In the park part, over ten thousand trees and shrubs of local forest-type and about two thousand trees brought from afar, including rare, were planted on sites free from old trees.
Plants for the botanical garden were ordered, brought and exchanged throughout the empire. For example, from the director of the Gorensky Botanical Garden Fisher, gardeners of the University of Dorpat and the Kremenets Gymnasium.
Thanks to the enthusiasm of Count S.O. Pototsky, the botanical garden developed rapidly, new buildings, greenhouses were built. Unfortunately, in 1811 Count S.O. Pototsky went on vacation for many years and the botanical garden lost support. The university board entered the Council with a proposal to reduce the excessive costs of the botanical garden.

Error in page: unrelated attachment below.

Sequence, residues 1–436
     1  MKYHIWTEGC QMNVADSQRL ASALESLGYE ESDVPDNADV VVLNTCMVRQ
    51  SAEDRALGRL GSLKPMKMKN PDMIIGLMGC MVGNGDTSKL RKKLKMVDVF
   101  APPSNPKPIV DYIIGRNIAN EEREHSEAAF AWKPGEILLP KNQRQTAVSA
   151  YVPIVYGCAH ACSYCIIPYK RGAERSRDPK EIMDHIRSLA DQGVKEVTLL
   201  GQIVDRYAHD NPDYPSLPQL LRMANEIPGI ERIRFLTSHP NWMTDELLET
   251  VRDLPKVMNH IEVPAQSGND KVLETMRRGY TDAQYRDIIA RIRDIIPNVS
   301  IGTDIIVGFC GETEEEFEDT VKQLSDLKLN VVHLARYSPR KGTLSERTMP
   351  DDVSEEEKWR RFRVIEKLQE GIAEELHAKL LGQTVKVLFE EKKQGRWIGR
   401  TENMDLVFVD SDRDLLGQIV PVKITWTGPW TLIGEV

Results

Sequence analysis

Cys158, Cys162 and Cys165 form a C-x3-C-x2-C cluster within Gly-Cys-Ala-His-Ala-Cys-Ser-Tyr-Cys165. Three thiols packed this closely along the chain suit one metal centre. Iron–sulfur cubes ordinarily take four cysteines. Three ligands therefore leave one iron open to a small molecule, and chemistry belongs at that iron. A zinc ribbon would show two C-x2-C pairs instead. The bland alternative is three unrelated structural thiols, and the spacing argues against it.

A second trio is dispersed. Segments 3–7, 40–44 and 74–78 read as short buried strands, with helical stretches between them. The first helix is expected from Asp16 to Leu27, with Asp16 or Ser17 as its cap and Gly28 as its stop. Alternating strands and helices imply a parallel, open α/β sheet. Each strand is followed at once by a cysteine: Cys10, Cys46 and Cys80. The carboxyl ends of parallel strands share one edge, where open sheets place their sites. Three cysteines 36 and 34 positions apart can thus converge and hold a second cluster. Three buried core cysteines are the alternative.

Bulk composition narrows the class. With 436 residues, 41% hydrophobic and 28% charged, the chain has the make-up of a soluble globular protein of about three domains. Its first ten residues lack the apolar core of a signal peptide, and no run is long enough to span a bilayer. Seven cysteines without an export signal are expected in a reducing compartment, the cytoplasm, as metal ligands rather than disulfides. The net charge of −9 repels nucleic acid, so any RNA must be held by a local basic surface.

During the period from 1826 to 1837, some economic improvements were made. In 1833, a gardening school was opened at the Botanical Garden.
Gradually, on the territory of the University Garden and nearby, new objects formed, the development of which became autonomous. So, in 1839, the Institute of Noble Maidens settled on the southeastern side, which was provided with a building that was previously built for the Cadet Corps.
After 1919, the Institute of National Economy was located in this building, and during the Second World War the building was destroyed and its ruins were demolished, expanding the garden.